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By Meteorologist Randy Mann
Article published on February 2, 2021

A new solar cycle, Solar Cycle 25, began in December of 2019 and the Sun may be coming out of its slumber over the next several years. Many scientists who study the Sun are wondering what this new cycle will be like in terms of sunspot activity.

Sunspots are storms on the Sun. Approximately every 11 years, during the height of a cycle, the Sun’s magnetic poles will flip as the North Pole becomes the South Pole and vice-versa. In the 2010s, the Sun was in a “solar minima,” a period of few sunspots. In fact, the last solar cycle, which was number 24, began in late 2008 and ended late last year. During that time, there were 914 days without a single sunspot on the Sun. Since 1855, the cycle with the most days without sunspots occurred in the early 1900s was Solar Cycle 14 with 1007 days.

According to NASA, Solar Cycle 24, the one we just completed, was very weak as the peak during the height of the cycle was only 114 sunspots. The average is about 179 sunspots during each cycle when the Sun is in its “maxima” phase. NASA projects that the Sun will peak with 115 sunspots in July 2025.

However, according to an article on sciencedaily.com, the National Center of Atmospheric Research is predicting that Solar Cycle 25, the one the Sun just began, will peak with a number between approximately 210 to 260 sunspots. This would be an extremely active cycle if this prediction is accurate. One of the most active cycles was Solar Cycle 19, which began in the spring of 1954. In March of 1958, the Sun peaked with 285 sunspots in one day. The average was 129 sunspots each day during this cycle that ended in late 1964. Most recently, the Sun’s cycles in the mid-1970s through the 1990s were fairly active before sunspot activity dropped significantly in the late 2000s.

During periods of high solar activity, the Sun will often emit more energy consisting of solar flares. The Earth’s magnetic field protects us from the harmful radiation the Sun emits. Most solar flares are harmless and will put on a light show when they come into contact with our magnetic field called the “Aurora Borealis” or “The Northern Lights.” These clouds of electrons, ions and atoms are thrusted into space and can reach the Earth in about 8 minutes as they often travel at the speed of light.

However, a major burst of particles from the Sun’s surface, known as a coronal mass ejection, can take up to 3 to 4 days to arrive at Earth. These massive ejections are rare, but can cause extensive damage to electronic systems, including satellites if they directly hit the Earth. For example, there was one that literally shut down the Hydro-Quebec Power Plant in Canada on March 13, 1989. The solar storm was so intense that the Northern Lights could be seen as far south as Florida and Cuba. Some people thought that a nuclear strike was in progress.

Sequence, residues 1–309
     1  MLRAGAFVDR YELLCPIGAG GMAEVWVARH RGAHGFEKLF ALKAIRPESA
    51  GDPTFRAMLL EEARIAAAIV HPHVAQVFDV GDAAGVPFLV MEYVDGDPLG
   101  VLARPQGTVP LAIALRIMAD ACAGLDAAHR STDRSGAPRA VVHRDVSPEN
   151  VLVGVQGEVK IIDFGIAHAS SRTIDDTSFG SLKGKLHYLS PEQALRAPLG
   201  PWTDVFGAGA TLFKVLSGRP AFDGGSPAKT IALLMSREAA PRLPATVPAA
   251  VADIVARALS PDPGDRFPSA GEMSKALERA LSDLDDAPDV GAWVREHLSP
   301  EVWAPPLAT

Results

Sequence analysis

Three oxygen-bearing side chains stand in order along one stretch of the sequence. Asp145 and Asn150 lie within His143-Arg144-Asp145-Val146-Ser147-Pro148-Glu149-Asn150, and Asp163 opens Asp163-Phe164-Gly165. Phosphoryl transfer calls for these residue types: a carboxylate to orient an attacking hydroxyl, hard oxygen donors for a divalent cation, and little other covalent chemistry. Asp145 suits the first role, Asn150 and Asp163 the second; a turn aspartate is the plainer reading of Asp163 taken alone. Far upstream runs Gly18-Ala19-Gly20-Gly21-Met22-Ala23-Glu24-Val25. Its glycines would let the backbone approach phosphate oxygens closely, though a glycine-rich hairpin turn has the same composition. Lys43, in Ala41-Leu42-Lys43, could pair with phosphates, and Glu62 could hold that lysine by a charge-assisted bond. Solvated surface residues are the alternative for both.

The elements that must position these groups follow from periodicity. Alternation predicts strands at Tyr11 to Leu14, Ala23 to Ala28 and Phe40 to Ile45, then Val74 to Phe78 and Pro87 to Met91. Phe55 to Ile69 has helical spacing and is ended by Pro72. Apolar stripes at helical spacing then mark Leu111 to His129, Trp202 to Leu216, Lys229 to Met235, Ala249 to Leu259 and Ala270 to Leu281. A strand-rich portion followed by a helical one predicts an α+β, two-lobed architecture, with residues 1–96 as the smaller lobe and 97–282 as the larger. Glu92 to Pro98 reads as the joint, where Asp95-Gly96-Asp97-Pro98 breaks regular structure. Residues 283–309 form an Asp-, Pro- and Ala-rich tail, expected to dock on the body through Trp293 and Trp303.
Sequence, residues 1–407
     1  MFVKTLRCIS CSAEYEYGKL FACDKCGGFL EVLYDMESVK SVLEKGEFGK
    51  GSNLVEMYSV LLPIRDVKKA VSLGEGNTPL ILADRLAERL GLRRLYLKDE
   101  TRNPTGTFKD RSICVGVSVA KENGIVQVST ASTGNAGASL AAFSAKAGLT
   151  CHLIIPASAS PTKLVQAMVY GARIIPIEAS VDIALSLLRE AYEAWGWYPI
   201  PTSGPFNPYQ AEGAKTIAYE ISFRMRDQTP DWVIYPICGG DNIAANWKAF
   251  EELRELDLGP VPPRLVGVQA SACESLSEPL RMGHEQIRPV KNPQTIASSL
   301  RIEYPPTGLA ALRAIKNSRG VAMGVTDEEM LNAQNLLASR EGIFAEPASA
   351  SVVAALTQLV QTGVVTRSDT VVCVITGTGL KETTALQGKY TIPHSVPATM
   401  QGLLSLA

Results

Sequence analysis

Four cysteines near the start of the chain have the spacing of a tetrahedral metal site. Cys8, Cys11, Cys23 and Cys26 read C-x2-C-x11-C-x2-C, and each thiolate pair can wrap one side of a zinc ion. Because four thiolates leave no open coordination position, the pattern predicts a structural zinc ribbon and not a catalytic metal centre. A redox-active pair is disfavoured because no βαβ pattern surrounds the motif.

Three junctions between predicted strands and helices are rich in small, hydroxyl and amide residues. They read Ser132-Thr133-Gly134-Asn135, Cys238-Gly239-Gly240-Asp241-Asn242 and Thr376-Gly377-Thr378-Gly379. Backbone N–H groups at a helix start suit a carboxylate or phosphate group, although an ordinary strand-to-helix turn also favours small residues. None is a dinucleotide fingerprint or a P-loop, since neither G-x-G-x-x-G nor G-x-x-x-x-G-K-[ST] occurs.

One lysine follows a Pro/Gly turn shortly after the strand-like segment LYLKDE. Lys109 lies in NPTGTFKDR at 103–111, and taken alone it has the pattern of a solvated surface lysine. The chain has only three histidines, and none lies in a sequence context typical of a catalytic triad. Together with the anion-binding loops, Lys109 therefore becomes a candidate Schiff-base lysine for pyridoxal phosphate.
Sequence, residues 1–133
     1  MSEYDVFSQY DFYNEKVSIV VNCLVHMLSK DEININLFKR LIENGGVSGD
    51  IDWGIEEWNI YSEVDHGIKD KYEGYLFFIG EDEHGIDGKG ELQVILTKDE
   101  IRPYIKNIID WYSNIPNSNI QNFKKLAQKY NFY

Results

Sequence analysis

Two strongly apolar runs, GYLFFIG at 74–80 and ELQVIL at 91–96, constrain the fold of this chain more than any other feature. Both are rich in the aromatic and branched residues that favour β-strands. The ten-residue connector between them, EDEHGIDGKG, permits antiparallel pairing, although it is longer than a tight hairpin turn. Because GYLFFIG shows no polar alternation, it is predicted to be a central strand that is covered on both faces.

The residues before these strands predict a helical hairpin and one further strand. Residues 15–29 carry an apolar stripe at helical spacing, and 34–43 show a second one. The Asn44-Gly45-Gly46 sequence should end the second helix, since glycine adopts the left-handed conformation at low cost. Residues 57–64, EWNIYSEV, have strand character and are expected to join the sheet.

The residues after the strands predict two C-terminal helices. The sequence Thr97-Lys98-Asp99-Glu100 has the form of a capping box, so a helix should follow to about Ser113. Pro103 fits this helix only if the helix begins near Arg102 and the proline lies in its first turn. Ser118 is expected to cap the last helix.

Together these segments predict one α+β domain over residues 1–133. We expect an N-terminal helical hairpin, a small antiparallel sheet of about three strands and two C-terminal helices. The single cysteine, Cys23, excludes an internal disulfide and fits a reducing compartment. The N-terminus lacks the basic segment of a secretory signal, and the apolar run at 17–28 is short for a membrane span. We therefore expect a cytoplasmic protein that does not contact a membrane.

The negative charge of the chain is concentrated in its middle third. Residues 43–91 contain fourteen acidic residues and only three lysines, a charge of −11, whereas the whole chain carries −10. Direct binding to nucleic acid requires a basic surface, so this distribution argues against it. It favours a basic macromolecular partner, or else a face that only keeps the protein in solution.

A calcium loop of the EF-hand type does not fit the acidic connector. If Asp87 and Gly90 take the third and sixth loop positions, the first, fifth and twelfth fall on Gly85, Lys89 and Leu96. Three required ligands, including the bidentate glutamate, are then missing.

The most spectacular super solar flare was witnessed by England’s foremost solar astronomer, Richard Carrington, on September 1-2, 1859. He first noticed a huge group of sunspots on September 1 and then described “two patches of intensely bright and white light erupting from the sunspots” before they disappeared. On that September night, tremendous auroras of red, green and purple erupted across the Earth. The auroras were so brilliant that one could read a newspaper at night and could be seen as far south as Cuba and Hawaii.

The auroras were so bright that their glow awoke gold miners in the Rocky Mountains. Telegraph systems all over North American and Europe stopped working and some generated sparks and fires.

Many scientists say that if that type of event were to happen today, it would wreak havoc with the world’s high-tech infrastructure, which includes satellites, cell phones and other sensitive equipment. Damage estimates from this type of event today would likely be in the trillions of dollars and take years to recover.

According to Geophysical Research Letters published in January of 2020, new research showed that “severe space super-storms,” emitted from the Sun like the one in 1989, “occurred 42 years out of the last 150 years.” Great super-storms, close to the one in 1859, “occurred in 6 years out of 150.” A Carrington-type event, the biggest in recorded history, is expected to occur once in 150 years. These major events from the Sun often miss our planet, but there was a huge solar storm in July 2012 that narrowly missed Earth.

Solar Cycle